If you’re looking for an “easy to follow” step-by-step guide on how to start a WordPress blog then you’re in the right place.
In 2016, I partnered with six-figure blogging coach Yaro Starak to help students of his Blog Mastermind coaching program create a WordPress blog that makes money selling digital products and services online.
Since then, I have helped HUNDREDS of people start a blog the right way, and now, in this ultimate guide, I am going to help you too.
Even if you’re not tech-savvy and you’ve never built a website before, the process is easy to follow. However, if you do need help, I can set up your WordPress blog for you. >> See my blog setup service
To get started, first, I’ll answer some frequently asked questions about starting a blog. Or you can use the links below to go straight to the create a blog section.
How Do I Start a WordPress Blog?
To create a WordPress blog you will need the following things:
- A blog topic idea (what you’ll write about)
- A domain name (e.g. theblogmechanic.com)
- A web hosting account (where your blog lives)
- A WordPress theme (your blog design)
- Essential WordPress plugins (for security, SEO, speed, etc)
We’ll talk more about each of the listed items above in more detail below. First, here’s a helicopter overview of the step-by-step process I will walk you through to start a blog on WordPress.
- Register a domain name
- Sign up for web hosting
- Update nameservers (this is easier than it sounds!)
- Install WordPress
- Create a professional email address
- Correctly configure WordPress settings
- Add a WordPress theme
- Add essential WordPress plugins
- Write your first blog post
Upon completion of the steps above, you’ll have a fully functional WordPress blog that’s customized to your liking. But just because you create it, that doesn’t mean people will find it. The saying, build it and they will come, simply isn’t true.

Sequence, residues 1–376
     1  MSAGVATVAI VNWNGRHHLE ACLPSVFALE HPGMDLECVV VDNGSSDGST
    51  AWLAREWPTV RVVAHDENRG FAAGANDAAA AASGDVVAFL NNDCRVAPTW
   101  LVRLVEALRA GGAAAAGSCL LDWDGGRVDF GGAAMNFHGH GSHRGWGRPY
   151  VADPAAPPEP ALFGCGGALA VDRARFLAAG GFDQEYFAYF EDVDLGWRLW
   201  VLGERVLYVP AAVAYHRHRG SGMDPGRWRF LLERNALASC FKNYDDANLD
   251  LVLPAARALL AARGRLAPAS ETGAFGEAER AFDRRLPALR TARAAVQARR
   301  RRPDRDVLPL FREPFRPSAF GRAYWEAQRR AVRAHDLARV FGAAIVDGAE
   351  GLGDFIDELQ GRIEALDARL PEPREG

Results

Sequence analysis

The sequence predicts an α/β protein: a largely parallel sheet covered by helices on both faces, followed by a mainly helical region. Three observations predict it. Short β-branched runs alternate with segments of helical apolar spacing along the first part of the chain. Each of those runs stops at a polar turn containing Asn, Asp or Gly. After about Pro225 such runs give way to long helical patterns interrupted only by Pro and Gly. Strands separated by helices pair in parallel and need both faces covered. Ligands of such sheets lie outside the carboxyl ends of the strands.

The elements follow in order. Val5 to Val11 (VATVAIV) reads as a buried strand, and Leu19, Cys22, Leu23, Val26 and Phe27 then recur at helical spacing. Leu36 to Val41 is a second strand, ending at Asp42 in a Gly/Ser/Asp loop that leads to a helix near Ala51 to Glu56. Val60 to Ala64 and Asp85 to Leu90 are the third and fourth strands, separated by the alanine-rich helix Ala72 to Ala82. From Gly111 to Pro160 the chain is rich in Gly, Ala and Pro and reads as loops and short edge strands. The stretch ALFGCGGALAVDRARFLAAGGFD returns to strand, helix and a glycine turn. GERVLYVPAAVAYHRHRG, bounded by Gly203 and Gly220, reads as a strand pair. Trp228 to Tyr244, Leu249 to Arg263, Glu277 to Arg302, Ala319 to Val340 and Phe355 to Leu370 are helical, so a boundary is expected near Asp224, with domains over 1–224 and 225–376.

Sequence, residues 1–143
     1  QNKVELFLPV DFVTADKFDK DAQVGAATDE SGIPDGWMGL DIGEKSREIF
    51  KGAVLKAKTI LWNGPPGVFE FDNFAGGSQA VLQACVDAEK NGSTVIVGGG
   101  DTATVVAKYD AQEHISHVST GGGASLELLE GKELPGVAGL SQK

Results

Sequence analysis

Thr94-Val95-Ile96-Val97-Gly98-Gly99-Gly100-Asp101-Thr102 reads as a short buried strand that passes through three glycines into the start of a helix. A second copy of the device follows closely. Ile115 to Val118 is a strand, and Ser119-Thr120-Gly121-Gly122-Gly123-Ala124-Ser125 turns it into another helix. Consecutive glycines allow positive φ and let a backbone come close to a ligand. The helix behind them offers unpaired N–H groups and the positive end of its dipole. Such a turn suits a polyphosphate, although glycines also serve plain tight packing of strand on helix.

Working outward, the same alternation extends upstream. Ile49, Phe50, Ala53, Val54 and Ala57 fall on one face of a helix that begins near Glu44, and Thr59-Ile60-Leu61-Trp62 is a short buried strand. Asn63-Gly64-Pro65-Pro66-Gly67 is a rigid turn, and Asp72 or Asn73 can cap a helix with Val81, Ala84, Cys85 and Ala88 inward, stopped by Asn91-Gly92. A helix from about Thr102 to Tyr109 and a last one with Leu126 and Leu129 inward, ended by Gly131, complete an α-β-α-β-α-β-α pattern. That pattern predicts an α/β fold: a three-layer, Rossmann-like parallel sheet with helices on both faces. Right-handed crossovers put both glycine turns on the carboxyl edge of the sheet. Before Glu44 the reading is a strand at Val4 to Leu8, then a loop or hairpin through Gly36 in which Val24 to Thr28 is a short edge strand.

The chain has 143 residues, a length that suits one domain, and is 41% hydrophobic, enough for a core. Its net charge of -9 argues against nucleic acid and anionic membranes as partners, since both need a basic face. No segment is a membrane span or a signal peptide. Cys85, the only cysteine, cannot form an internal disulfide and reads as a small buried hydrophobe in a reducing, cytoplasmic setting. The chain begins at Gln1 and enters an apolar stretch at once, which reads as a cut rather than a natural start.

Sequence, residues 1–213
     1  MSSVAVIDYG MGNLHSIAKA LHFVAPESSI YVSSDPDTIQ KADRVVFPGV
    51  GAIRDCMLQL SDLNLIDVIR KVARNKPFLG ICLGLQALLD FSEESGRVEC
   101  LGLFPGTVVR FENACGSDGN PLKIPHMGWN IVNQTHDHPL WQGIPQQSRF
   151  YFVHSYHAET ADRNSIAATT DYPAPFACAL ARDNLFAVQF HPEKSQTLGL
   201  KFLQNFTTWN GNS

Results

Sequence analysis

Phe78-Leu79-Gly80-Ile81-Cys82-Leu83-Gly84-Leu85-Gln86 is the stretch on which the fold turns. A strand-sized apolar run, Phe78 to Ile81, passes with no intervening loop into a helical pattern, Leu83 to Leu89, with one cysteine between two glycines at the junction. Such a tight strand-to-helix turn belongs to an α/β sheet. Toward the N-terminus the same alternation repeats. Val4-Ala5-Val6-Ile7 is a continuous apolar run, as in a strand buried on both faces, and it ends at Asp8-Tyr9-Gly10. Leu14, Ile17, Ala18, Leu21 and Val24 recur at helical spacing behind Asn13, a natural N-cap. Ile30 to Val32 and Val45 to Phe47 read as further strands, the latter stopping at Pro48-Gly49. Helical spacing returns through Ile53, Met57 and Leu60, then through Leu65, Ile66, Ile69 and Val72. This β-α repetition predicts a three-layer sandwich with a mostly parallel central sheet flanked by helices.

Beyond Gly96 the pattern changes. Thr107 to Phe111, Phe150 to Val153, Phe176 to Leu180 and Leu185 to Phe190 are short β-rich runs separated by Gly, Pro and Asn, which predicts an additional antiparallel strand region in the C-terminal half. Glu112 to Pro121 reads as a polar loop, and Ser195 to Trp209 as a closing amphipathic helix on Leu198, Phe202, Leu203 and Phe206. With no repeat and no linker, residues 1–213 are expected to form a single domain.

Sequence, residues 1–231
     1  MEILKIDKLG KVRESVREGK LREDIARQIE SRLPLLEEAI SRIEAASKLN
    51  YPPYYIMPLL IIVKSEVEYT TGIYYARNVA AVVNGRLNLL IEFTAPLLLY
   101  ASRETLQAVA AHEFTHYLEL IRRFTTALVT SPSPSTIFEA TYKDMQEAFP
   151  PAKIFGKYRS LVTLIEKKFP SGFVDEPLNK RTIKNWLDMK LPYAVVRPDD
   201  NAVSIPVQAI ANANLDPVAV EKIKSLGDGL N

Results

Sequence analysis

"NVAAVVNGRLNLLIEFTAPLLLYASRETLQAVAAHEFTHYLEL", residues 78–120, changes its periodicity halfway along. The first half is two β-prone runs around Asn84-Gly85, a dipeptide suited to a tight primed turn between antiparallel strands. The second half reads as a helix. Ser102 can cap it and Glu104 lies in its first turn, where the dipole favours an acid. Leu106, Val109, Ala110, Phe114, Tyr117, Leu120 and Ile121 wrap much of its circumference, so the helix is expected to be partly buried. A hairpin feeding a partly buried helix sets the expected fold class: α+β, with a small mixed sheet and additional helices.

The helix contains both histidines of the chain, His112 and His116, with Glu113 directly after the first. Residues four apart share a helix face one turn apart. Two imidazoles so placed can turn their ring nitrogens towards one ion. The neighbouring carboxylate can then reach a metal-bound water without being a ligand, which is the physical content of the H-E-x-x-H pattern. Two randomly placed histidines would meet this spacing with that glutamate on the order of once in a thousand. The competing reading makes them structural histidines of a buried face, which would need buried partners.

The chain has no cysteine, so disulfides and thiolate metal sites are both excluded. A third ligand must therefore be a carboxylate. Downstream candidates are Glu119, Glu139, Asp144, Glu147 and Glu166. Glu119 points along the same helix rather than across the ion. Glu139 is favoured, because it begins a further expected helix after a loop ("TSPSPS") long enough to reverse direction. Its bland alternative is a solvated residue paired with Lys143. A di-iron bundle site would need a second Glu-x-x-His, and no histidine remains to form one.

To create a successful blog that actually makes money, you need website traffic and a proven monetization strategy. So, we’ll also discuss how to get traffic to your new blog and the top 3 ways for beginner bloggers to make money blogging in the quickest time possible.
How Much Does it Cost to Start a WordPress Blog?
Depending on your needs and preferences, you can start a WordPress blog for as little as $20 to $200, or as much as $3000 upwards.
The total cost depends on the domain registrar, the web hosting company, the type of hosting account, how often you pay for web hosting (monthly, yearly, 3 yrs), if you use a pre-made WordPress theme or have a custom theme created, and more.
If you are not careful, starting a blog can become expensive. But don’t worry. In this guide, I will show you how to start a blog on a low budget using the best tools to get started with.
Should I Start a Blog on WordPress?
Without a doubt!
Almost 40% (which is millions) of website owners use WordPress to start a blog, build an online store, and more for good reason.
That said, there are two types of WordPress:
- Hosted WordPress (not recommended)
- Self Hosted WordPress
And the biggest mistake I see beginner bloggers make is using hosted WordPress at wordpress.com instead of self hosted WordPress at wordpress.org.
When starting a blog for business, you should use self hosted WordPress because there are no restrictions to dictate what you can and cannot do with your own blog.
With self hosted WordPress, you own your website and all the content on it 100%. Meaning, no one can just delete it without your permission which is not uncommon on the hosted WordPress platform.
To learn more about why self hosted WordPress is a better option for most people, read self hosted WordPress.org vs WordPress.com.
How to Create a WordPress Blog (in 9 Easy Steps)
I’m going to assume that you’ve already decided on a blog topic and you are now ready to create a self hosted WordPress blog. However, if you do need some guidance with topic selection read how to choose the right blog topic for some helpful tips from blogging coach Yaro Starak.
Step 1: Register a Domain Name
A domain name is the web address people go to to visit your WordPress site and it should match the blog name of your website so it’s easier for people to remember.
For example, my blog name is The Blog Mechanic and my domain name is www.theblogmechanic.com.